'Functional Unemployment' Makes Biggest Jump Since Start of Pandemic
Black, Hispanic workers hit hardest with fewer living-wage jobs, according to Ludwig Institute
WASHINGTON, Nov. 21, 2022 /PRNewswire/ -- The rising cost of living continues to take a toll on working families, with a growing percentage of American workers unable to find a living-wage job or their current job fails to boost them over the poverty line after adjusting for inflation, according to the monthly True Rate of Unemployment (TRU) report by the Ludwig Institute for Shared Economic Prosperity (LISEP).
The TRU for the month of October topped 23.6%, a 1.3 percentage point increase over the previous month. This is the biggest month-over-month increase since the beginning of the pandemic in April 2020, and an indication that low- and middle-income workers are having a tougher time just to cover basic necessities, according to LISEP Chair Gene Ludwig.
"Until the last quarter, this administration has been doing well raising living standards for many middle- and lower-income Americans. However, both inflation and the Fed's response to it – a precipitous rise in interest rates – are taking a big bite out of this progress. American families are hurting due to a combination of higher prices and wages failing to keep up," Ludwig said. "Policymakers from both sides of the aisle would be well served to take heed and implement proactive policies creating good-paying jobs capable of supporting a family, and at a bare minimum, cover basic needs and provide for a reasonable quality of life."
TRU tracks the "functionally unemployed," defined by LISEP as the jobless, plus those seeking but unable to secure full-time employment paying above the poverty line after adjusting for inflation. LISEP's TRU is in stark contrast to the official government unemployment rate issued by the U.S. Bureau of Labor Statistics (BLS), which reported a more modest ncrease of 0.2 percentage points from September to October, from 3.5% to 3.7%.
LISEP reports that functional unemployment increased for all major demographics, with Black workers experiencing the largest increase of 3.4 percentage points, from 24.8% to 28.2%. Functional unemployment for Hispanic workers increased 2.4 percentage points, from 23.5% to 25.9%, with the TRU for White workers increasing 0.75 percentage points, from 21.8% to 22.5%. The TRU for men jumped 1.9 percentage points (17.2% to 19.1%), while the TRU for women increased 0.4 percentage points, from 28.1% to 28.5%.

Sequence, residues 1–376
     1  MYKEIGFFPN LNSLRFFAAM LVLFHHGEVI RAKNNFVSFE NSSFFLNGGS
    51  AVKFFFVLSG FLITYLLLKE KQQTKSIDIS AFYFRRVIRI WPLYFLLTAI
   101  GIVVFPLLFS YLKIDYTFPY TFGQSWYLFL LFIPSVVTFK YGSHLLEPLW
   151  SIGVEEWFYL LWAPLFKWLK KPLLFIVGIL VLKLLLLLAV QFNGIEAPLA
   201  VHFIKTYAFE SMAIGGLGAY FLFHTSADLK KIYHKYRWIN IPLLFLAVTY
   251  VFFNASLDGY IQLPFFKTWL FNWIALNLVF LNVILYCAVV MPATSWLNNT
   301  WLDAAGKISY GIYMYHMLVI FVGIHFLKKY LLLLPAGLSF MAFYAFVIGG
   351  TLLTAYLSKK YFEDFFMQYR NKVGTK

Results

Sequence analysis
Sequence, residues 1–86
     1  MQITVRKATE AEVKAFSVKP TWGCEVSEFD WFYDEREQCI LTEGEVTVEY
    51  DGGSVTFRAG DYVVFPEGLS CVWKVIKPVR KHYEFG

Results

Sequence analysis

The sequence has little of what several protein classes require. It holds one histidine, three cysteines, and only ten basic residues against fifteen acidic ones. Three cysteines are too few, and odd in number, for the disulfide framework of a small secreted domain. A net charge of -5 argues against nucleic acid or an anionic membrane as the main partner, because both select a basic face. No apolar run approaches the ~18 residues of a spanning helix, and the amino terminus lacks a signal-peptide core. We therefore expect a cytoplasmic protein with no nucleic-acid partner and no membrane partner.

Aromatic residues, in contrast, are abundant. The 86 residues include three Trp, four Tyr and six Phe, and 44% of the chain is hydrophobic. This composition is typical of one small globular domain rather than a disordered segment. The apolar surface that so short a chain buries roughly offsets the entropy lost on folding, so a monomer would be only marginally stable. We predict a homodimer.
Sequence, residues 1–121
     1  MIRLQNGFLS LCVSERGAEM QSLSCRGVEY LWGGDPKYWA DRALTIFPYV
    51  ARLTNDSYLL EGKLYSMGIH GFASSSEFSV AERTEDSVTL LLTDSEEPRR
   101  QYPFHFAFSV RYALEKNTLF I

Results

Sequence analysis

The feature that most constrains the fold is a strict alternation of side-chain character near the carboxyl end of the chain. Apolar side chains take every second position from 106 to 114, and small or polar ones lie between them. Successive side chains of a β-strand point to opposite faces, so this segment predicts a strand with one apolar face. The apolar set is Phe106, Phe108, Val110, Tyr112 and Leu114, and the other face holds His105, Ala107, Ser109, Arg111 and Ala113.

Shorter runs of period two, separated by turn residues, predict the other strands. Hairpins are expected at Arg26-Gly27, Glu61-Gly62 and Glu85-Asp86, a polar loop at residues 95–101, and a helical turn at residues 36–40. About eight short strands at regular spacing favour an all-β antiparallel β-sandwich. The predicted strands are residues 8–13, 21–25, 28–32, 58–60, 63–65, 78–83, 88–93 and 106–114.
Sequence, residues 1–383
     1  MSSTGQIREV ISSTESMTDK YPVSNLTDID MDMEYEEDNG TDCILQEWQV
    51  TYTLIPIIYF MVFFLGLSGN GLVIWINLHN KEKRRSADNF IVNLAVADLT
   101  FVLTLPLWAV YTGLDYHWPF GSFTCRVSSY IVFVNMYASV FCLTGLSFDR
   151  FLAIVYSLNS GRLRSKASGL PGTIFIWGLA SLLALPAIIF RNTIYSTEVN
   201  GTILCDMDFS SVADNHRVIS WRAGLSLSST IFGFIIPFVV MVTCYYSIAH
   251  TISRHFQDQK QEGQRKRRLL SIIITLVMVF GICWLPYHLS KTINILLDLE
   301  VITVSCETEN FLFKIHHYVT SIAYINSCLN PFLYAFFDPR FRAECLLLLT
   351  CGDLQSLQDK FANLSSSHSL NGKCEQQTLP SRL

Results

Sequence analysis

Ludwig notes that a rising TRU can spell particularly bad news for low- and middle-income workers when one considers that the Consumer Price Index (CPI) is understating the impact of inflation on middle- and lower-income households. Last week, LISEP released data supporting its True Living Cost (TLC) Index, a measure of the effect of rising prices on the ability of families to pay for minimum adequate needs in seven categories: food, housing, healthcare, transportation, basic technology, childcare, and apparel/personal care. LISEP found that from 2020 to 2021, the price of necessities has increased 5.8% versus the CPI's 4.7%. And from 2001 to 2021 the TLC rose 50% faster than the CPI, 78.8% versus the 54.4% reported by the CPI.
"If we are to address the kitchen table issues most important to American families, it must begin with addressing how we measure the economy – one size does not fit all," Ludwig said. "The sooner we understand the dire and very real challenges facing middle- and lower-income households, the sooner we can work together for meaningful, sustainable solutions."
LISEP issued the white paper "Measuring Better: Development of 'True Rate of Unemployment' Data as the Basis for Social and Economic Policy'' upon announcing the new statistical measure in October 2020. The paper and methodology can be viewed here. LISEP issues TRU one to two weeks following the release of the BLS unemployment report, which occurs on the first Friday of each month. The TRU rate and supporting data are available on the LISEP website at https://www.lisep.org/tru.
The Ludwig Institute for Shared Economic Prosperity (LISEP) was created in 2019 by Ludwig and his wife, Dr. Carol Ludwig. The mission of LISEP is to improve the economic well-being of middle- and lower-income Americans through research and education. LISEP's original economic research includes new indicators for unemployment, earnings, and cost of living. These metrics aim to provide policymakers and the public with a more transparent view of the economic situation of all Americans, particularly low- and middle-income households, compared with misleading headline statistics
About Gene Ludwig
In addition to his role as LISEP chair, Gene Ludwig is a managing partner of Canapi LLC, a financial technology venture fund. He is the founder and CEO of Ludwig Advisors, which counsels financial firms on critical matters. Ludwig is also the founder of the Promontory family of companies. He is the former vice chairman and senior control officer of Bankers Trust New York Corp. and served as the U.S. Comptroller of the Currency from 1993 to 1998. He is also author of the book The Vanishing American Dream, which investigates the economic challenges facing low- and middle-income Americans. On Twitter: @geneludwig.
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SOURCE Ludwig Institute for Shared Economic Prosperity
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